As part of these two public consultations, Hong Kong officials introduced the option to import electricity from the mainland as a way to secure the economic and environmental sustainability of the city’s energy future. Hong Kong’s limited land availability makes it nearly impossible to deploy large-scale renewable energy generation plants, meaning that its only way to become “greener” is to import electricity produced from renewable sources. The option of importing “green” energy from the mainland is intricately linked to another proposal introduced in the 2005 consultation: the opening up of Hong Kong’s electricity market to competition, including from companies in Mainland China. Officials argue that competition would allow for both improved economic efficiency and increased use of renewable energy, as 38% of the electricity supplied by the China Southern Grid in 2013 came from renewable sources.
The need to reform the Hong Kong electricity sector has led officials to realise that the city cannot effectively improve the sector’s economic efficiency and environmental sustainability on its own. In the 2005 and 2014 consultations, the government presented integration with Mainland China as a viable, even necessary option to secure the city’s future electricity supply, reflecting its broader policy goal of PRD regional integration. However, cross-border power grid connection has not progressed as anticipated. This is in part due to strong opposition from Hong Kong citizens, as discussed in the following section.
Opposing integration: residents’ concerns over energy security
Hong Kong residents were not convinced by the government’s arguments in favour of power grid integration. They expressed their concerns during the two public consultations of 2005 and 2014. The latter proposed two options for the city’s future electricity mix: either import more electricity from the mainland, or increase the share of natural gas used in local electricity generation. The large majority of respondents preferred the second option – a clear indication of their opposition to integration plans. Concerns over energy security were a major factor in this stance.
The most frequent reason for opposing electricity imports was respondents’ fear of a less reliable electricity supply. Hong Kong’s electricity supply is one of the most reliable in the world, with a reliability rate of 99.9997% (yearly interruptions below 3 minutes). The China Southern Grid can hardly compete, in spite of rates of 99.98 and 99.97 for Shenzhen and Guangzhou, respectively, in 2012 (1.5 hours of yearly interruption on average). This fear of lower reliability is exacerbated by the increased share of renewable energies that would result from the import option, as fossil fuels are considered more reliable sources of energy than renewables.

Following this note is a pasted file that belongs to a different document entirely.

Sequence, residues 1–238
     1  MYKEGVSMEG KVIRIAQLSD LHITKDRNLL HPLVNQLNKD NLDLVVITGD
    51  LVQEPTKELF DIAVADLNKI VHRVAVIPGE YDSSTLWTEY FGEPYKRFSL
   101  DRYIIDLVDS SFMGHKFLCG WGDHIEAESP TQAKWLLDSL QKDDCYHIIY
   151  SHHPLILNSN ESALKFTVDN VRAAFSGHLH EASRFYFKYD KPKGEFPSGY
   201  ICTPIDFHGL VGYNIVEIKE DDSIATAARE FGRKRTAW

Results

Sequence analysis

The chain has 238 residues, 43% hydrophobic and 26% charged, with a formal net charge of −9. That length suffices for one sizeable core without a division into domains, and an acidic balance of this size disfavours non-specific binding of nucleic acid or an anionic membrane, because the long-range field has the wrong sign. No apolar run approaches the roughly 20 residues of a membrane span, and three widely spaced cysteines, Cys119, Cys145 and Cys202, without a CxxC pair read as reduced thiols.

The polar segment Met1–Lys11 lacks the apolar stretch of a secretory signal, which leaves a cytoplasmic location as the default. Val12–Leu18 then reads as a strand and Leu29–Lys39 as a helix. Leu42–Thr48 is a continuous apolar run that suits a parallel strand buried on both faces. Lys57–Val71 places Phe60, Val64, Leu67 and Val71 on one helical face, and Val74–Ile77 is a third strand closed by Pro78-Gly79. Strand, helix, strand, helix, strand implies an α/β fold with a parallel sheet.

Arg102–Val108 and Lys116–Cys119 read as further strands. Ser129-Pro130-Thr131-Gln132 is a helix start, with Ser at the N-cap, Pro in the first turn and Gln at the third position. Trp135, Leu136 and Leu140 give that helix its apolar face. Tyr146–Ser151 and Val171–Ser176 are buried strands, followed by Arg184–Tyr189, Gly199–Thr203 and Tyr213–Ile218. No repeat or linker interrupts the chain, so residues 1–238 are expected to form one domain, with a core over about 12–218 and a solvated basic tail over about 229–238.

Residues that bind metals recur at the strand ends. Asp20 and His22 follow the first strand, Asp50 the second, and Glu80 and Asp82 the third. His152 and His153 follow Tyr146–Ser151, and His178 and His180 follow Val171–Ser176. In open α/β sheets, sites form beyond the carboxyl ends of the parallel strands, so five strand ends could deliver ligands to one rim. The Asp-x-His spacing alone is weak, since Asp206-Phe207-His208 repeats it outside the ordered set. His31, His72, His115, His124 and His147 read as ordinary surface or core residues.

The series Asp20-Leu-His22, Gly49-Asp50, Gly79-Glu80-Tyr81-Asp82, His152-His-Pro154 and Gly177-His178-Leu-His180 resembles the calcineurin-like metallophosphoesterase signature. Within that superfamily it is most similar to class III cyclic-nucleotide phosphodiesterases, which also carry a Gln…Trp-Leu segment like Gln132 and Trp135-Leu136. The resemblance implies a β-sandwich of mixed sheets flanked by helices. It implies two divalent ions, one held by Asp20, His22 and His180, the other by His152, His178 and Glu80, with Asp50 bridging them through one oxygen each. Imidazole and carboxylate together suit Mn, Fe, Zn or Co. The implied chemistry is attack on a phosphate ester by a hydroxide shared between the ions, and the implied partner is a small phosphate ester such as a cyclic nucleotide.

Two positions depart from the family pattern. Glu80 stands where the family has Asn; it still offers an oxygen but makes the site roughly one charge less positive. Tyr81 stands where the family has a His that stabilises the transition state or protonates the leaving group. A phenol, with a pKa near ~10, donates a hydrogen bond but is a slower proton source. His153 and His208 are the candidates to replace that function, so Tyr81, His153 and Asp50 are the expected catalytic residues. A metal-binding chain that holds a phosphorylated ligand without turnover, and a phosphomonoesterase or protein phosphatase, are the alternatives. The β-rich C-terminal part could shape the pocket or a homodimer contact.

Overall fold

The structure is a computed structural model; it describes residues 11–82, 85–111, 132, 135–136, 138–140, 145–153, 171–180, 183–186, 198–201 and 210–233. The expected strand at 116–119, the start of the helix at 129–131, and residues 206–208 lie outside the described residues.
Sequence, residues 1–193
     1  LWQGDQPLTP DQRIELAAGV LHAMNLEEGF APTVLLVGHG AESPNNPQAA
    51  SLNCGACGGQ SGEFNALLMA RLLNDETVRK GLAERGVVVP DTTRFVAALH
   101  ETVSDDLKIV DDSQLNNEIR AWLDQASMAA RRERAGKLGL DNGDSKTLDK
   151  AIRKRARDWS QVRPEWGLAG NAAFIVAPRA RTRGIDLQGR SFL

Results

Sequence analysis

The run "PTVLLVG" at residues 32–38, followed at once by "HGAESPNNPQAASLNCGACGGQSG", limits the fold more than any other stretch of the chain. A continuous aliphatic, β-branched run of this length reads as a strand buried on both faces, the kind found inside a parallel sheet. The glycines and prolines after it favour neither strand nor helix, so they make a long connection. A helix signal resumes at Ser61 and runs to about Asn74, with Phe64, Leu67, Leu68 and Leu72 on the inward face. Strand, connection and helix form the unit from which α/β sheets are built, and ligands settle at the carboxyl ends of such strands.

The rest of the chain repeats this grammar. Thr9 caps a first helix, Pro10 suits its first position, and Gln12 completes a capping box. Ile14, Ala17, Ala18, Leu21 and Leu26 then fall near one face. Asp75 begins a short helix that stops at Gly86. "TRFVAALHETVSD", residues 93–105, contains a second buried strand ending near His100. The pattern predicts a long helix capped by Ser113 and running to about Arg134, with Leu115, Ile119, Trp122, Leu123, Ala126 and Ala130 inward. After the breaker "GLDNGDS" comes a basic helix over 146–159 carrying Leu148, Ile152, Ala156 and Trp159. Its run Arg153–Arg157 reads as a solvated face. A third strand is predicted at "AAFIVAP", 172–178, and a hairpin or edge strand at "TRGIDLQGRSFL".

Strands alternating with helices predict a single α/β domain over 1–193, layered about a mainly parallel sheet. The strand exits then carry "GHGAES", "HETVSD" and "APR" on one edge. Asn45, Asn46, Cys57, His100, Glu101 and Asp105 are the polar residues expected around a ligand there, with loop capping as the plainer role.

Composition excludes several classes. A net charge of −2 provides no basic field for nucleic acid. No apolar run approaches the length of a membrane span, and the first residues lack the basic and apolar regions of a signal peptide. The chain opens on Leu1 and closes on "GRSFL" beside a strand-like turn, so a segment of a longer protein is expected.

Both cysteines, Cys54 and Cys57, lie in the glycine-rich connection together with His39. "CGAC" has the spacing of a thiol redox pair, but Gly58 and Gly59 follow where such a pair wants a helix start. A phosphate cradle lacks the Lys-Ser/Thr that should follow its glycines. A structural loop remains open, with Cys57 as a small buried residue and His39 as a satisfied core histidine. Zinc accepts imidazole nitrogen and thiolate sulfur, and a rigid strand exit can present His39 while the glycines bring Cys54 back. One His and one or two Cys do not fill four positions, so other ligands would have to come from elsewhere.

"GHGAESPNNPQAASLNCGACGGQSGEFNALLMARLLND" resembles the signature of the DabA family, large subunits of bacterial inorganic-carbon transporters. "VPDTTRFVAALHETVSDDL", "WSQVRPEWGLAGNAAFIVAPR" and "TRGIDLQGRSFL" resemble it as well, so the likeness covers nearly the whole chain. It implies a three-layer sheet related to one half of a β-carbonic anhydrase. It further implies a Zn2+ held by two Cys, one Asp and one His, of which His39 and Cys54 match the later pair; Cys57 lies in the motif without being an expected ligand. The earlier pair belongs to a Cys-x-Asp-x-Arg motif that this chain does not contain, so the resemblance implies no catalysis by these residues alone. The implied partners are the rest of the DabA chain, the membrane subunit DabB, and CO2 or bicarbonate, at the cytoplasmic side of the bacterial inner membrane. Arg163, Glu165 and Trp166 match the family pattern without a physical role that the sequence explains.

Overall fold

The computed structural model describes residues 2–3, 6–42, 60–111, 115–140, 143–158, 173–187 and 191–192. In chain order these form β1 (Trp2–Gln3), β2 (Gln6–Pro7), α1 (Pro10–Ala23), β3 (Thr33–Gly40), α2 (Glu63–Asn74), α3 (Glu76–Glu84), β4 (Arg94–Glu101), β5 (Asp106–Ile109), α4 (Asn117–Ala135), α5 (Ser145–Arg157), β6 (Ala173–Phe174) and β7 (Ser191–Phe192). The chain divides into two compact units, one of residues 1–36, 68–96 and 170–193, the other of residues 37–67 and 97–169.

In addition to concerns over reliability, residents expressed fears that the import option may decrease Hong Kong’s independence in determining its energy policy. Some respondents to the 2014 consultation rejected the import option on the grounds that it would lead to a loss of control over power supply and would make the city over-reliant on Mainland China. These fears point to Hong Kong residents’ lack of trust towards the Chinese authorities, as deepening integration in the GBA has been met with bottom-up resistance and the rise of anti-China sentiments within civil society. The rejection of the import option could have been shaped by this growing trend for resistance to PRD integration in all sectors, as well as by recent events such as the 2014 pro-democracy protests. Reactions to the 2014 consultation clarified that the city’s energy security, in terms of both reliability and independence, was deemed more important than any potential environmental benefits.
The future of Hong Kong’s electricity supply is shaped by political issues surrounding the regionalization of the PRD. Initial steps towards cross-border integration of the electricity networks were taken to secure supply by diversifying fuel sources. Today, conversely, citizens perceive further integration as a threat to a secure energy future, in spite of the political commitments undertaken. These concerns echo broader concerns about the benefits of regionalization, illustrating Hong Kong residents’ distrust of the Mainland and the increasing role that it plays in the city. Authorities have not been able to demonstrate sufficient economic or environmental benefits to shift opinion in favour of the import option, and the two utilities companies have clearly expressed their preference for maintaining the status quo. Governments on both sides have yet to work out a strategy to convince firms and citizens of the benefits of cross-border power grid integration.
Edited by: Jeremie Descamps